The ULTIMATE IR Illuminator Test

On the 7th of November, the Optics-trade team went to the shooting range near Slovenska Bistrica to do an in-the-field comparison of 8 IR-illuminators. The shooting range is located a few kilometers away from our headquarters.

Testing conditions

To clearly distinguish between the beams emitted by each illuminator, we made 8 signs, each marked with the name of the illuminator, so that we could later point the beam of each of the illuminators at a corresponding sign. We placed the signs – targets – in two rows, the first row 65 m and the second row 70 m away from us. They were put on a steep bank so that a clear reflection could be observed when pointing the beam at each target. The signs had to be placed at an adequate distance one from the other so that the beams of illuminators would not overlap. This was only partly achieved because we had limited space.

Testing devices

These are the illuminators that we put to the test: Pulsar 940 IR, Pulsar X850 IR, Pulsar AL-915 IR, Laserluchs LA 850-50-PRO II, Jahnke Phönix Focus 875, Jahnke Phönix 5 Ultra 850, Ados Tech/ElectroOptik IR-530 (850), and Dipol L2 850. The three-digit numbers starting with ‘8’ or ‘9’ stand for the wavelength of light that the illuminator emits.

The ULTIMATE IR illuminator test (1)

These illuminators are powered either by an LED or a laser. Pulsar AL-915 IR, Dipol L2 850, Ados Tech/ElectroOptik IR-530 and Laserluchs LA PRO II are powered by a laser, while the other four use an LED as a light emitting source. It is difficult to say which light emitting source is better since other factors such as build quality have to be taken into account. In theory, a laser should be better as it emits light in a far narrower spectrum. For example, a laser-powered IR-illuminator where the number ‘850’ denotes the wavelength of the light that it emits, will emit light from, let’s say, 845 to 855 nm of wavelength, whereas, while using an LED-powered illuminator with the same wavelength specifications, it can happen that light emitted is in a wider spectrum, namely from 800 to 900 nm. Since most animals detect light with a wavelength of up to 850 nm, it can happen that the user will be detected using an LED IR-illuminator that supposedly emits light with a wavelength of 875 nm.

The emphasis of the test was on the illuminators. Still, it is worth mentioning that we used the illuminators in conjunction with five different night vision devices, three analog and two digital. The analog night vision devices that we used were Jahnke 1×56 gen 2+, two Dipols DN 55XT gen 2+ – both clip-ons, one with a green and the other one with a white photocathode – and Pulsar Challenger GS, a monocular. Pulsar Digiforce 860RT monocular and Forward F135 clip-on comprised the selection of digital night vision devices that we included for the testing. We brought many different night vision devices to the test so that we could see how different IR-illuminators perform together with different NV technologies (analog and digital). We are often asked questions when it comes to illuminators:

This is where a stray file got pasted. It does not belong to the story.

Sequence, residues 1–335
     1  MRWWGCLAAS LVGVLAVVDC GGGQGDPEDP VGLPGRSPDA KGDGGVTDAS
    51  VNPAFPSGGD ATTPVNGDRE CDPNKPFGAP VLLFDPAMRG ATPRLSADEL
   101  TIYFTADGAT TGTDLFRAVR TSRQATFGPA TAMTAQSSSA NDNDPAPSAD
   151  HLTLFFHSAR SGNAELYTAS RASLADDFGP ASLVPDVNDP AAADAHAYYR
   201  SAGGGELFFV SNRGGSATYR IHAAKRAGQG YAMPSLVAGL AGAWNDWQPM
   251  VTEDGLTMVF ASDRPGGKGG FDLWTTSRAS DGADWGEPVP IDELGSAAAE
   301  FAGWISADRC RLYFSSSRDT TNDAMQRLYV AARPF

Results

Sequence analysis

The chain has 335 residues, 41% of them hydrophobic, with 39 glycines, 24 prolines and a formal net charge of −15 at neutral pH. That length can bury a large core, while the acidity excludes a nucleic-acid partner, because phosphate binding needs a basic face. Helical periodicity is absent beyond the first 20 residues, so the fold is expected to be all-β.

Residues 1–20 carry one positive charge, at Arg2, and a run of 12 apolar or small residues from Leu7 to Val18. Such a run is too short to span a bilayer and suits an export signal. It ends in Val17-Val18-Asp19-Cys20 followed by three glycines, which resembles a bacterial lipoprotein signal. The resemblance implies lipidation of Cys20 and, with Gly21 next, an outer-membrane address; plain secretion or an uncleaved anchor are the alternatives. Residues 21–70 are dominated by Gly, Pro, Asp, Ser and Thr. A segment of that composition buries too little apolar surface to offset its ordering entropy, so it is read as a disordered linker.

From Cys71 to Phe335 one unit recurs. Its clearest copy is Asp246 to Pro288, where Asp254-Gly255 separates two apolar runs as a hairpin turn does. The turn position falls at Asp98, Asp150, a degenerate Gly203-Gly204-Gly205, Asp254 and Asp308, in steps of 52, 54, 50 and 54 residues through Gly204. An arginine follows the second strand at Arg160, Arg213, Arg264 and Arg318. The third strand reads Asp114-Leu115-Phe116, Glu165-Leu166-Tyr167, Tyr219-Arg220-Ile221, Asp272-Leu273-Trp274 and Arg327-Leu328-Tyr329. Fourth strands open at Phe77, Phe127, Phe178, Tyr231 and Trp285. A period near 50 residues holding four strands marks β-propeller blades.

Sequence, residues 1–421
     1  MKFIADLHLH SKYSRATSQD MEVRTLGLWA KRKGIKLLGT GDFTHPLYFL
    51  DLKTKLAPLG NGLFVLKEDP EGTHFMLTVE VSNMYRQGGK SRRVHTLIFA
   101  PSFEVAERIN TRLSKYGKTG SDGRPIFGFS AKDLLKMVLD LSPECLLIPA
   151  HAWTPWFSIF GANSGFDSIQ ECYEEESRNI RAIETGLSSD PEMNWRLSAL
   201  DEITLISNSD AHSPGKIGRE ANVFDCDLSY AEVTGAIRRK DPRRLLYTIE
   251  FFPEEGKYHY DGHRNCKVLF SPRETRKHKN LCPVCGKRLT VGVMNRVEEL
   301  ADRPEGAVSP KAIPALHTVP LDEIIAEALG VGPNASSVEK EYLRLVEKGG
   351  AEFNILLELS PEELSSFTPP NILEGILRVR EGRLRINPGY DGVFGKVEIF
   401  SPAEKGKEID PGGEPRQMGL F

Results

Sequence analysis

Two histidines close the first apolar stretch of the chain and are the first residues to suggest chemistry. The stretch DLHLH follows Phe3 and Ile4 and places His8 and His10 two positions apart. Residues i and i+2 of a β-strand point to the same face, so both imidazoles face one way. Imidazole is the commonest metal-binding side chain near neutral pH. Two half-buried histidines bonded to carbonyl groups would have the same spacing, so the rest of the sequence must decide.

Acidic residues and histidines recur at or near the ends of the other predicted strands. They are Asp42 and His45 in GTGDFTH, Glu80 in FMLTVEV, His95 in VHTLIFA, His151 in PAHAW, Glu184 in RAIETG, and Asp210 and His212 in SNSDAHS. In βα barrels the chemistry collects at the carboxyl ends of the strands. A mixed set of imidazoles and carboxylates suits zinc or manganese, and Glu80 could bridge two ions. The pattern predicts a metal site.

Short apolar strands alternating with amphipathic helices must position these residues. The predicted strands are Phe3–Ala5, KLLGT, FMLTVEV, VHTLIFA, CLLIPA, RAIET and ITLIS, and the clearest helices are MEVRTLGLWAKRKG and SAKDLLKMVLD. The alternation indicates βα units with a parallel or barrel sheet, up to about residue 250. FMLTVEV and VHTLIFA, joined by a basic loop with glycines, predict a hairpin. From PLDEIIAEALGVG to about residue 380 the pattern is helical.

• Do illuminators that emit a light with a wavelength of 850 nm work with digital night vision devices?
  • Do analog night vision devices detect light with a wavelength of 915 or even 940 nm?

These questions are best answered through a field test, which is another reason we chose to do this test. Furthermore, we wanted to see to what degree do more expensive night vision optics perform better in conjunction with the illuminators than cheaper night vision optics. Basically, we wanted to see which combo is better: an affordable NV device/expensive illuminator or an expensive NV device/cheap illuminator. We mounted the clip-ons on the Schmidt&Bender PM II Ultra Short 3–20×50 and Noblex N6 2–12×50.

The preparation for the test took place during the day. The test, however, was filmed when it got dark. We also kept in mind to do it during the new moon phase and away from all the artificial light sources so that optimal results could be acquired.

Problems during the test

We faced some problems when doing the test. First, it is really difficult to film a high-quality video of the illuminator beams when the camera is placed behind the riflescope with a mounted clip-on. Secondly, it was dark, and there were plenty of analog night vision devices on the desk. These devices are sensitive to light and can easily get damaged, which is why we had some problems setting the camera correctly as we had to point the flashlight’s beam of light away from these devices and set it to the lowest possible setting. It was quite cold outside, so our hands were freezing. Because we had limited space and filmed the test in a narrow passage, the light beams of certain illuminators overlapped with the beams of others. Also, we had to clear the terrain of several bushes and branches before doing the test. Finally, we had major problems with adjusting the sharpness of the video clips – we had to adjust the focus of each night vision device, the focus of the riflescope on which the NV device was mounted, and lastly, the focus of the camera lens – not to mention the additional problems that came with the dark.

Important lessons